Michael W. Macleod-Ball

At its heart, practicing law involves bringing knowledge of the law to bear upon a certain set of facts, resulting in the offer of advice and counsel to a client.  It seems like that ought to be doable even while adhering to strict social distancing guidelines.  And it’s true – we can offer advice just as easily and sometimes more easily by email, letter, phone or video chat.

But most practitioners will tell you that the practice of law is also about relationships and trust, borne of in-person meetings allowing the participants to take the measure of their advisor, their client, or their opponent.  They’ll also tell you that so much of our work rests on an end-product involving face to face contact.  There is always a closing to finalize the purchase of a business or a building.  There is a will signing to put an estate plan in place.  How can you get your day in court without, well, going to court?  And the most effective mediation sessions almost always involve putting people together to hash out their thorniest conflicts.

We thought we were ahead of the curve in modifying our office practices when we posted our first notice about our beefed-up protocols in the face of the COVID-19 threat.  Our first thoughts were for our staff and our clients and so we took steps to limit contacts and to increase cleanings.  We held our first teleconference staff meeting.  No one was asking us to take such steps at that point – we felt good.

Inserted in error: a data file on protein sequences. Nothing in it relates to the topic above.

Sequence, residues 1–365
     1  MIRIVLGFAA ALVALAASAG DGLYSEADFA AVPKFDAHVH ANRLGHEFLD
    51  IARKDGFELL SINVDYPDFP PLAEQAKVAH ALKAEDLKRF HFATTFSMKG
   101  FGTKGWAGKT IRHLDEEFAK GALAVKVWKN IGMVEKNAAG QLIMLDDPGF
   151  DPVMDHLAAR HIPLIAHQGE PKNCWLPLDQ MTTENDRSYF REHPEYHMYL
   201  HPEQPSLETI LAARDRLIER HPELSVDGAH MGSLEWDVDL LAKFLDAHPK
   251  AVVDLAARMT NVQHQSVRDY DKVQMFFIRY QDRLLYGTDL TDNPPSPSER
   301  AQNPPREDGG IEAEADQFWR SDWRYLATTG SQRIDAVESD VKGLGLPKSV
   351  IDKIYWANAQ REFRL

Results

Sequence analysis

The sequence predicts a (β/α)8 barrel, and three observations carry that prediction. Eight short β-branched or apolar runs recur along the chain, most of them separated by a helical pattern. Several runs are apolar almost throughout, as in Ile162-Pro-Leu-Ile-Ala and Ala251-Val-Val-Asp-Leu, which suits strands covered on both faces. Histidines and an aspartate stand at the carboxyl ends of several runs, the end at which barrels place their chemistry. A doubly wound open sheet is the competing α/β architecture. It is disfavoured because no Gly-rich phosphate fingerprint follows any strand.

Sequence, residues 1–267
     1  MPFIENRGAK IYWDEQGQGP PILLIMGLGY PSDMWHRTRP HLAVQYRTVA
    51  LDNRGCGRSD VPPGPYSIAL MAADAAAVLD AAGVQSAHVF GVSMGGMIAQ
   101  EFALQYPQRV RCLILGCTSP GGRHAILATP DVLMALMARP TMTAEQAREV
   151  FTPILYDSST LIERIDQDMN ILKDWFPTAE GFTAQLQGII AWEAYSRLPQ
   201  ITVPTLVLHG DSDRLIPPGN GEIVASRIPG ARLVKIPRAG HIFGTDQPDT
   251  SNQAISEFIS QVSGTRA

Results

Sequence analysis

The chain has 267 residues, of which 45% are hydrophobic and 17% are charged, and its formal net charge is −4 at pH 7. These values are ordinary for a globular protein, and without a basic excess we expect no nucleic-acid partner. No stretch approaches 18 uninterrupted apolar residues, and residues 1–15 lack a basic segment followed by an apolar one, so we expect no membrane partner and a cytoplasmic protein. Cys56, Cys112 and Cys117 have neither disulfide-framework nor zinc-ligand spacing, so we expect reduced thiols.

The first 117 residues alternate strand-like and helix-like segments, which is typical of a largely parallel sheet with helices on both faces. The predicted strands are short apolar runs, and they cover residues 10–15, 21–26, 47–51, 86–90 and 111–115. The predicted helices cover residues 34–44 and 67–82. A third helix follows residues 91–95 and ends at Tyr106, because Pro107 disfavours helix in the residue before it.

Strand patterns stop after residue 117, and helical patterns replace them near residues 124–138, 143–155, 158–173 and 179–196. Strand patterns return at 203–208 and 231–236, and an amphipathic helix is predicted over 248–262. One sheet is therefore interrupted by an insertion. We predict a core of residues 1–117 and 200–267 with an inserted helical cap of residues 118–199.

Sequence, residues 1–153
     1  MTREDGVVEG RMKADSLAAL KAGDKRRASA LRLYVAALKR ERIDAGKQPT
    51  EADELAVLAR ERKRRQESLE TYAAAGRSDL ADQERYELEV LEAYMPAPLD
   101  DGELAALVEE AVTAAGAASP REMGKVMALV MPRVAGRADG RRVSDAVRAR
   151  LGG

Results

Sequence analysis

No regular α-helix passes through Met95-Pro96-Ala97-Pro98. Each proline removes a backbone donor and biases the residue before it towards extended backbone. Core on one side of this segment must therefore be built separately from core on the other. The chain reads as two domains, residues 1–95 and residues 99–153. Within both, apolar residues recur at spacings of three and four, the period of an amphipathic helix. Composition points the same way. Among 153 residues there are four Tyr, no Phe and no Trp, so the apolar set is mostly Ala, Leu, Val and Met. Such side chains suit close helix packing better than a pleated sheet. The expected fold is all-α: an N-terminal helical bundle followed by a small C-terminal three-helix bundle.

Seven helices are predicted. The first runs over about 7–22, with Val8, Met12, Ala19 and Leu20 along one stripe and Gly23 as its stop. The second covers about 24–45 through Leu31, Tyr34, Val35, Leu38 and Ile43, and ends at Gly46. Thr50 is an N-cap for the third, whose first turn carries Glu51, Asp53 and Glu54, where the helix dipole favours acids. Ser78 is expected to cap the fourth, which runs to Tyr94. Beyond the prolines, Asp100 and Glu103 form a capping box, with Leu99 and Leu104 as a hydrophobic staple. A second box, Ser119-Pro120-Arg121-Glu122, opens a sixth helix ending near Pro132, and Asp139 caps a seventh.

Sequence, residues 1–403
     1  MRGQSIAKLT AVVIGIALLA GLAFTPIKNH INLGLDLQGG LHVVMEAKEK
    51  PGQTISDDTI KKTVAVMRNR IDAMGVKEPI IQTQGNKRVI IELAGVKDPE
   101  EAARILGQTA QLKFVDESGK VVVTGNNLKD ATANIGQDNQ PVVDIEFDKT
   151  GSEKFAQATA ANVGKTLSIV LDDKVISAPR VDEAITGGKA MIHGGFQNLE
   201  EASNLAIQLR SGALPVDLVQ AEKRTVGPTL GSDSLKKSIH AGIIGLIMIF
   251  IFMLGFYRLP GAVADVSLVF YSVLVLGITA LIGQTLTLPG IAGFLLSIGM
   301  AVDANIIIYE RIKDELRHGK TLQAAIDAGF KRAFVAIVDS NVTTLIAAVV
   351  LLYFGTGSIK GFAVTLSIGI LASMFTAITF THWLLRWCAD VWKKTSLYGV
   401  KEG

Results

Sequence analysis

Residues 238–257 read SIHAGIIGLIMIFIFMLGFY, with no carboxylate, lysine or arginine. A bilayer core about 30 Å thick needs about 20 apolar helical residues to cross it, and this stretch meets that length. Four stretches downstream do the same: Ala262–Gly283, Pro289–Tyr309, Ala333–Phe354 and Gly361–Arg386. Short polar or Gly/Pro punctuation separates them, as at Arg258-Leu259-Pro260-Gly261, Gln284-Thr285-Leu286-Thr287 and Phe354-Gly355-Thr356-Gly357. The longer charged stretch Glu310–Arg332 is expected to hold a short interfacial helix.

But then we’ve all seen the warnings and the notices getting more alarming by the day.  We urged people who could work from home to do so and we took steps to give more people that option.  We increased the amount of paid leave for staff and advised everyone to err on the side of caution.  We limited which buildings visitors may enter.  But with each adjustment, it seemed like the news was outpacing our ability to anticipate and react.

At this point we are doing everything we reasonably can to minimize the number of contacts associated with firm operations while continuing to respond to clients who seek our help.  We have cancelled all in-office meetings unless a face to face contact is necessary by law, such as when a notarization is required.  Even then, we require all visitors and staff to answer five questions related to their possible exposure before they may enter our offices.  And still – we don’t know what’s around the next bend.

It’s possible that all law firm offices in Maine will be forced to close for a while.  That won’t completely shut us down since we CAN do many things by email and phone.  And lawmakers in Washington have before them a proposal that would allow for even notarizations to be performed remotely.  Clients can check our website and reach any attorney or paralegal in our firm by email.  But it remains to be seen if the trust borne of closer connections, the knowledge gleaned from taking the measure of another human, will take a hit over the long haul even as we continue to draw near-term satisfaction from achieving successful legal outcomes.  Stay safe, everyone.  Let’s get through this together.

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